This figure only takes into consideration the manufacture and transportation of the nappies, it does not address the landfill issue. It is estimated that 400,000 tonnes of disposable nappies head to landfill each year (source: http://www.parliament.uk/documents/lords-committees/science-technology/st1nappyalliance.pdf). This obviously causes carbon emmission issues as the nappies breakdown, uses up valuable land to fill with rubbish, causes transportation issues of carrying that amount of nappies to landfill and finally the problem of human excreta ending up in landfill where it might pollute aquifers (I address this final issue here). Most cloth nappy users will use their nappies for multiple children and/or pass or sell them on to others when they no longer need them, meaning one set of 24 cloth nappies may have diapered 3 or more children before ending up in landfill (or textile recycling!)

Finally, it does not take into consideration all the chemicals and raw materials used in the manufacture of disposable nappies. For example, one cup of crude oil goes into each disposable nappy, and at a time when we are rapidly approaching (or some might say have passed) the point of Peak Oil, where we are running out of this resource that has many other more useful purposes than to be peed and pooed on, it is a serious consideration.

So in summary, yes cloth nappies really are greener than most disposables – they have a smaller carbon footprint, less waste ending up in landfill and uses fewer of the earth precious resources. So go on, give them a try!

Categories
Nappies reduce reuse

What do you do about poo?

I once asked a Grandma at a baby event if she ever pooed in her bin. The look of shock on her face was a sight to behold and to be honest I did think I’d over-stepped the mark. My question, however, came on the back of her trying to persuade her pregnant daughter not to consider using washable nappies as “she just liked the idea of wrapping it all up and throwing it away.” It hadn’t occurred to her that what that actually meant was putting poo in the bin.

One of the many reasons I like cloth nappies is that the poo is dealt with by the sewerage system. The sewerage system is designed to deal with human faeces and treat it appropriately. Putting poo in the bin, means it ends up in landfill, where any bacteria or viruses can potentially leach into soil and water systems and can cause a health hazard for refuse workers.

Even when using disposable nappies, I still tip the poo into loo before folding it up and putting it in the bin. To me it is just the hygienic thing to do. I have heard it argued that poo is biodegradable and therefore its OK to send it to landfill, it will just biodegrade. However, it is generally wrapped inside a plastic nappy and put inside at least one plastic bag (often more as the nappy is inside a nappy sack, inside a bin bag). The plastic prevents air and light and bacteria necessary for the bio-degradation to take place from reaching the poo. So it fossilizes inside the nappy. In a hundred years time, archaeologists of the future will find bags of preserved dirty nappies in our landfill sites. Delightful!

It doesn’t take much to put the poo down the loo. Whether you choose to reuse or are disposable all the way.

What about you? Do you bin it or flush it?

Categories
reduce

Natural Beauty

rosemary_sagedisp
The world of cosmetics, full of controversy, always a source of debate. It is true that a lot of commercially available cosmetic products are bad for the environment; a friend commented today that most exfoliants contain micro particles of plastic that end up in waterways, some cosmetics are still tested on animals, contain potentially harmful chemicals or are just packaged badly, using huge amounts of resources just to look good (see here for a case in point). But, does that mean that in order to be “green” we have to sacrifice looking good, treating our bodies, our little bit of pampering?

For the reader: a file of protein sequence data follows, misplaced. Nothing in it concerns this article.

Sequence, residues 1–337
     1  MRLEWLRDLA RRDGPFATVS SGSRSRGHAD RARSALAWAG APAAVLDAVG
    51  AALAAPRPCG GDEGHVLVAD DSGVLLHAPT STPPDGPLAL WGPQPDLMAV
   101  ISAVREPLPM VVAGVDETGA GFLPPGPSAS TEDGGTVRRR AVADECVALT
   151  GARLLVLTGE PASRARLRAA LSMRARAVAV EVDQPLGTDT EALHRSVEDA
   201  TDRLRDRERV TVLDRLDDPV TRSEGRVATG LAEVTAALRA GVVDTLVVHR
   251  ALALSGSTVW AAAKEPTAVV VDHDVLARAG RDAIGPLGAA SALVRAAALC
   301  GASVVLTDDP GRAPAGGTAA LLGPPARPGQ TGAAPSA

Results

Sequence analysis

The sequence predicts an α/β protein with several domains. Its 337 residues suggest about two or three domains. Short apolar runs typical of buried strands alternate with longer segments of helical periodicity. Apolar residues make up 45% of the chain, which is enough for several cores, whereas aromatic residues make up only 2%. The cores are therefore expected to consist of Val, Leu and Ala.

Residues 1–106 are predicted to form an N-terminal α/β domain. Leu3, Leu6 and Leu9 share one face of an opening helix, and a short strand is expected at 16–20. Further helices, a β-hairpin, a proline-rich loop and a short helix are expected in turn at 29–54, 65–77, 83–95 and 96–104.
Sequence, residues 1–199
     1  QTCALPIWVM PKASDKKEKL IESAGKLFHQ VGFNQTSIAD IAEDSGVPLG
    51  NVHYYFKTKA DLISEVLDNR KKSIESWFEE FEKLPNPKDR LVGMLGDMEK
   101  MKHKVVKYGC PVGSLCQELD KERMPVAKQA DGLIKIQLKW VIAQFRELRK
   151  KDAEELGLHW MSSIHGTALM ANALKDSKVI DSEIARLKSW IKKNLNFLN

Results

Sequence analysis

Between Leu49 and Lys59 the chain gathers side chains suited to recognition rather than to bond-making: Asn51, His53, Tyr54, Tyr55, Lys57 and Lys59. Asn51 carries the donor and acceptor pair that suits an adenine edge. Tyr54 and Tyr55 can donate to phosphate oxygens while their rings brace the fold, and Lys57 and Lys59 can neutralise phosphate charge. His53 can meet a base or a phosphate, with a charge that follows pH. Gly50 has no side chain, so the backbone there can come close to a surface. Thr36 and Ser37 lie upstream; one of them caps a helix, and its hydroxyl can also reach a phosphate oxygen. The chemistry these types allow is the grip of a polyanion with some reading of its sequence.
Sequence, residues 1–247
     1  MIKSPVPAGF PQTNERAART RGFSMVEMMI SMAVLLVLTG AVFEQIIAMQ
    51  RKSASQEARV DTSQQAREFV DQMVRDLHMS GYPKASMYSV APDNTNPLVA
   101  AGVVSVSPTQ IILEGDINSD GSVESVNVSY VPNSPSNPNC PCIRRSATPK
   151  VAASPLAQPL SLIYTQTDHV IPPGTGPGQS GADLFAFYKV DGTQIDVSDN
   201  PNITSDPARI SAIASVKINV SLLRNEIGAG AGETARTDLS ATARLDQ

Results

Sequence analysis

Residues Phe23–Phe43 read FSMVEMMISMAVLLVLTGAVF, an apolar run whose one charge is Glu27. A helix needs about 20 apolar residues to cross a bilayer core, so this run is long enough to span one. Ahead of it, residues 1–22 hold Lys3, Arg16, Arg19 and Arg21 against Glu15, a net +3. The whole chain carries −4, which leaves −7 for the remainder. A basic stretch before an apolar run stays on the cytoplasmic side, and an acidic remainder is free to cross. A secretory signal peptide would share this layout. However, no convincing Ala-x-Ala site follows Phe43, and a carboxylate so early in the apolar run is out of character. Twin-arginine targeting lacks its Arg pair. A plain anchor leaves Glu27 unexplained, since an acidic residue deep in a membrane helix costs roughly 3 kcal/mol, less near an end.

In an ideal world, maybe, we could all be content with washing with unpackaged soap, moisturising with olive oil and washing our hair with a rinse of vinegar or bicarbonate of soda. I know many people who do all those things. For the rest of us, though its a case of finding the middle ground. If I wash with soap I feel like my skin has been tucked behind my ears, the changes in temperatures at this time of year leave my skin dry and uncomfortable, I like to wallow in a scented bath, scrub myself to within an inch of my life and slather myself in sweet smelling moisturiser. It makes me feel good, it helps me unwind and it makes my skin healthier.

So what can we do? Well for a start, think about which products you really need to use and keep it to a minimum.

Look at the ingredients – are they natural, sustainable ingredients, for example it is possible to get exfoliators with no plastic in, in recyclable tins such as this one here

Can you make it yourself? See here for how to make your own bathsalts! If you search the internet you will be amazed at how many products you can make cheaply and easily in your own kitchen!

What sort of packaging is it in? Do you really need one in a plastic bottle, in a plasticated cardboard box inside plastic film? Or is there an alternative in sustainable packaging? Lush Cosmetics, Neals Yard Organics and Wikaniko are all companies that use minimal packaging in their toiletries.

It’s mostly common sense – just think, is this product costing the earth?

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Guest blog recycle reduce reuse

the case for ‘pre-loved’

A friend of mine has written a very interesting blog on the case for ‘pre-loved’. Give it a read and tell me what you think. She is writing from a Christian perspective, but even if you don’t like the religious language, I think her points have merit.